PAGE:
If I have read more than a dozen biographies (notto be confused with memoirs) in the past 12 years, I would be surprised.Surprise! Scrupulous record keeping contradicts this recollection.So okay, I’ve read nineteen:
Autobiography of a Face - Lucy Grealey
Official and Confidential: The Secret Life of J.Edgar Hoover- Anthony Summers
Crazy Horse – Larry McMurtry
City Poet - Brad Gooch [poet Frank O’Hara]
Autobiography of a Face - Lucy Grealy
Winchell - Neil Gabler [Walter Winchell]
Francis Drake - John Cummins
Speaking to Myself – Studs Terkel
Ludwig Wittgenstein - Ray Monk
Ambrose Bierce - Roy Morris
Lush Life - David Hadju [Billy Strayhorn]
Che Guevara - Jon Lee Anderson
Fidel; A Critical Portrait – Tad Szulc
Another Man’s Poison – Charles Fountain [writerGeorge Frazer]
The Operator - Tom King [David Geffen]
The Devil and Sonny Liston – Nick Tosches
American Pharaoh – Adam Cohen and Elizabeth Taylor
[Mayor Richard J Daley]
Richard Wright: The Life and Times – Hazel Rowley
The Flyswatter: How My Grandfather made his Way in the World– Nicholas Dawidoff [Professor Alexander Gershenkron]
Reading Jeffrey Tobin’s piece in The NewYorker about his lunch with Martha Stewart, this caught mykeen eye:
In this kind of differentiation, Stewart's rolemodel is Ralph Lauren, who created Polo, Purple Label, and otherbrands less directly tied to his name. "He was able to expandhis empire greatly by different brand labels," she said.
Having just read a biography of the Ralph I gotto thinking about how merchants and hucksters, not content withaccumulating wealth, require adulation and recognition for somethingin addition to successfully competing in the Greed game.
The infrequency of my attention to personal historyis either the cause or the effect of the diverse aggregation oflives (who would make a great fantasy dinner party) I have readabout, a tautology I will resolve at another time. Perhaps in mymemoir–in–progress, Loose Lips. Also, I havea warm, oozy feeling that info miners like Amazon can’t easilywork their collateral metric paradigmatic profile mumbo jumbo onme. I dare ‘em to go, "People who have read _______ alsohave read _______." In any case, reaching for a biography ofthe sort that scrutinizes well-known brand Ralph Lauren may be anact of cultural dumpster diving, especially when the strong possibilityexists of a time-wasting encounter with hagiography. Of course,the author needs to grapple with this concern early on (and he does).He must tread the divide between a writing a big wet kiss of a (worthless)book or an expose that will make it difficult to work in this virtualtown again. And thus, even such journalistic adroitness can be instructive.Before I forget, Gross seems like nice enough guy—he acknowledgeshis Westie, Calpurnia and he did a commendable job with the toughhand he was dealt.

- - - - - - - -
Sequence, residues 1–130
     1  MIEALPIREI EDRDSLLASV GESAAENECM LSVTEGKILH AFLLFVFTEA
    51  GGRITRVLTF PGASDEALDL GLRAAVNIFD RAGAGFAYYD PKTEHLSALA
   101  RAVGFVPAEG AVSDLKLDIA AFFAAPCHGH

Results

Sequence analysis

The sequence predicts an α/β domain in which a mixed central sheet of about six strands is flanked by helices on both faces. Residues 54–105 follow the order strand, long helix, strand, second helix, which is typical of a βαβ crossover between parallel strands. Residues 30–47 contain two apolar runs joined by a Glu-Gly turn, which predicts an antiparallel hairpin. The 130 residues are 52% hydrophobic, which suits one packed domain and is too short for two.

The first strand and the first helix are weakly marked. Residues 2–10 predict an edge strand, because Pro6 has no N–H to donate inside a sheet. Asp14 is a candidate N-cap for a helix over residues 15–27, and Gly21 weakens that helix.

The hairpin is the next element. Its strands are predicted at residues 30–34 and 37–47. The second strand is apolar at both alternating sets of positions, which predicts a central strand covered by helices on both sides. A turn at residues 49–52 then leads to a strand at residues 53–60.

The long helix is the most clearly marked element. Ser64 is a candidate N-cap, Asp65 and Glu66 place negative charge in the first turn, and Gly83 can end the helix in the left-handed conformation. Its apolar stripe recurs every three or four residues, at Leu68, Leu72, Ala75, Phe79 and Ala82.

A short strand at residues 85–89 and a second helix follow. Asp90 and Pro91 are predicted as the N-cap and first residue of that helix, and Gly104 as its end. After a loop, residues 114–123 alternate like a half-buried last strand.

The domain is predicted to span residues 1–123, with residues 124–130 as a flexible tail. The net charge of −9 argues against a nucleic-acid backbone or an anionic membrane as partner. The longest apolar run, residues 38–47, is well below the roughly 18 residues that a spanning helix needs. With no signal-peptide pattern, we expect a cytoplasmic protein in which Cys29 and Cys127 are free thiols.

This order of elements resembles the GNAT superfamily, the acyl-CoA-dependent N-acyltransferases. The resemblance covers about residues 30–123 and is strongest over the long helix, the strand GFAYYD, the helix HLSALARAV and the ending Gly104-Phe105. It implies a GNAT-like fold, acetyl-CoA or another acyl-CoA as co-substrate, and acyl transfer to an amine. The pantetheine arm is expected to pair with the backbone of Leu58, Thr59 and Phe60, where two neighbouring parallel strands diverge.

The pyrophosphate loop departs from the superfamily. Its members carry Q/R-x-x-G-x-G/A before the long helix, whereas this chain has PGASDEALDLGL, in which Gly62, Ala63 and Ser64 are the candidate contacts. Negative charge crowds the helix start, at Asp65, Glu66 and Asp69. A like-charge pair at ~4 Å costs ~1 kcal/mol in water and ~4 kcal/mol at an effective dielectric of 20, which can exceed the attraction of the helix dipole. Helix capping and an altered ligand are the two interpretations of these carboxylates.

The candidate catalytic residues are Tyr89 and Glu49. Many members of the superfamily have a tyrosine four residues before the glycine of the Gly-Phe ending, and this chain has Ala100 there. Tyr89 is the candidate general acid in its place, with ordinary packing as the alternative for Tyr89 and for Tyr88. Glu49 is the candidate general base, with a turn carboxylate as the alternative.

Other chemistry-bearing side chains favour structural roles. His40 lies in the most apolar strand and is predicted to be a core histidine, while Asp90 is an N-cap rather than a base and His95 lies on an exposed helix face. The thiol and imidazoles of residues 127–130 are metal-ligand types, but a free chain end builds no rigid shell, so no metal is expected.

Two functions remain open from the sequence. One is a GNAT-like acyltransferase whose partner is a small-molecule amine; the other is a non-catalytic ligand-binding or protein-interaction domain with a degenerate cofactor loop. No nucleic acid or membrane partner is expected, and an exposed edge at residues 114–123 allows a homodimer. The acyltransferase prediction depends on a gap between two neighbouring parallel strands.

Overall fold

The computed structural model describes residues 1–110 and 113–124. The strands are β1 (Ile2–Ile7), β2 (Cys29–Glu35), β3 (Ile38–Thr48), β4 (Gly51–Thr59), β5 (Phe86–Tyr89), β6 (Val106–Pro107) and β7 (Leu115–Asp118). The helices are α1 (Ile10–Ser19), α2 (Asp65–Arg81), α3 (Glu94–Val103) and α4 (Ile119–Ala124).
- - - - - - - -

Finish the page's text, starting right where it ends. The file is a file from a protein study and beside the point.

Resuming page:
Michael Gross’ Genuine Authentic: TheReal Life of Ralph Lauren is not the first biographic attemptto focus on Bronx-born Ralph Lifschitz. There was the 1988 RalphLauren: the Man behind the Mystique by Jeffrey Trachtenberg.I was not compelled to read that one as I never accepted the premisethat there was (is) a mystique. More to the point, in 1988 Ralphwas not such a big macher.
I was tempted to go no further than the prefacewhere Gross details, in eleven pages, his back-and-forth with Ralphabout the extent of the cooperation this book would receive fromhim. The Ralph was very concerned about references to his very publicdalliance with one of his models and the effect of that recapitulationon Ricky, his wife of thirty-five years. In a way, the negotiationsencapsulated everything I wanted to know about RL. But like a goodsoldier, I trudged on. And, of course, I wouldn’t know whatI did or didn’t need to know until I had read all the stuffI didn’t really want to know.
The only question I asked myself is: why botherto give any consideration or attention to a major character in theephemeral world of fashion, the mostly crass world of retailingand the murky world of dream making? I suppose the fact that theLauren enterprises have been financially successful on such a largescale warrants some interest. But as in the case of my reading TomKing’s book on David Geffen, I found it of interest to tryto unearth some sign of originality, speciality or distinction andthen determine whether Lauren (Geffen) had made any contributionsto culture or civilization.
In both cases, for me, the answer was a resounding,“No!”
Shrewd, quirky, dogged in satisfying his own narcissism,riddled with emotional tics, Ralph Lauren comes off as an incompetentbusinessman. He was lucky at essential times to work with competentpeople. He required an absolute loyalty from his minions, and histalents, at best, were to synthesize or adapt what already existed.Granted, that is a talent, but one hardly worthy of the accoladesattached to him, even in the hyperbolic lexicon of the Fashion World(though I believe ‘zone’ is the it word of the moment).How his persona brought him to lording it over a multi-billion dollarempire and in possession of unspendable wealth seems as much aboutluck as anything else. Although one argument could be presentedthat he was smart enough to hire Bruce Weber to create his imagecampaigns that are the real heart of his success, the sales of billionsof dollars of polo shirts with the Polo logo affixed was an unintended(and not even a desired) consequence that ultimately was the foundationof the Ralph’s success.
Ah, poor Ralph. Not an enviable person. Kind ofsad.
Quepos Costa Rica @ sunset